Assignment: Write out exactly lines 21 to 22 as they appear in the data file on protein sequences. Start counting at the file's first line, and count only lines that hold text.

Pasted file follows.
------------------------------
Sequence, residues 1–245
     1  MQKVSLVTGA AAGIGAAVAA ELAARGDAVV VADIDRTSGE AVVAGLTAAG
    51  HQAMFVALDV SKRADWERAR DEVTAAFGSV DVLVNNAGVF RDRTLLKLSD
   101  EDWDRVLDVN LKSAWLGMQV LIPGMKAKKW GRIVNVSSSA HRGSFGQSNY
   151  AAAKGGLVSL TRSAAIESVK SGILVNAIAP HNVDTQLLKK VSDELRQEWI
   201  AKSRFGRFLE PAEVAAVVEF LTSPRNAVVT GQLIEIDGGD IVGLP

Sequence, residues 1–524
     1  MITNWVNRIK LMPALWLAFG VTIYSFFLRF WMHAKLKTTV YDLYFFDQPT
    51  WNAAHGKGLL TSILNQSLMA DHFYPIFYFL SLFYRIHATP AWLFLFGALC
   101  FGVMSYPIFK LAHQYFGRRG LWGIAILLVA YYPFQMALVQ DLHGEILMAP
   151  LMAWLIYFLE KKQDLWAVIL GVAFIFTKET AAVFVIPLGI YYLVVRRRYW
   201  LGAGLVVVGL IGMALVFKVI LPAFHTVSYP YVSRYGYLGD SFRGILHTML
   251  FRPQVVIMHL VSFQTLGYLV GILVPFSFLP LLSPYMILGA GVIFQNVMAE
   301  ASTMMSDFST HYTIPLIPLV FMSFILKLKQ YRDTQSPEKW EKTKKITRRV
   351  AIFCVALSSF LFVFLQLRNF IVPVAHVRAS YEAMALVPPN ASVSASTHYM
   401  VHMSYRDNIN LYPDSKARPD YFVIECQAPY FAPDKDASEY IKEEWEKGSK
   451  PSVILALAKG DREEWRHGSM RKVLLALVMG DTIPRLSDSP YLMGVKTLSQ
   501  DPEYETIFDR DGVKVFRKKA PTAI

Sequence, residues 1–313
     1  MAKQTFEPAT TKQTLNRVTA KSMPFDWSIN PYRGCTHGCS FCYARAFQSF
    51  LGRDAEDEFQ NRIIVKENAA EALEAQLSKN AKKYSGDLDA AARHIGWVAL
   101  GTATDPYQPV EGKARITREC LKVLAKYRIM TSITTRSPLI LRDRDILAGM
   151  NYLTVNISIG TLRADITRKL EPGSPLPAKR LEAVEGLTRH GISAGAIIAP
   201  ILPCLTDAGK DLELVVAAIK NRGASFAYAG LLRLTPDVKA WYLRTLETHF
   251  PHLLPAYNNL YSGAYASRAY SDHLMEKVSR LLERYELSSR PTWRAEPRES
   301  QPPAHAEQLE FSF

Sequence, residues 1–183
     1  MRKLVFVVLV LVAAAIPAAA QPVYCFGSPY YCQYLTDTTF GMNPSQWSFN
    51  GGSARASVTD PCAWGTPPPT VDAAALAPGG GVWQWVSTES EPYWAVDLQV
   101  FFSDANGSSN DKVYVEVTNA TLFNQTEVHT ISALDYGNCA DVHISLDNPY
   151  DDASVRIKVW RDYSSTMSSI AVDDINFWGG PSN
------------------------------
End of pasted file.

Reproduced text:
    51  LGRDAEDEFQ NRIIVKENAA EALEAQLSKN AKKYSGDLDA AARHIGWVAL
   101  GTATDPYQPV EGKARITREC LKVLAKYRIM TSITTRSPLI LRDRDILAGM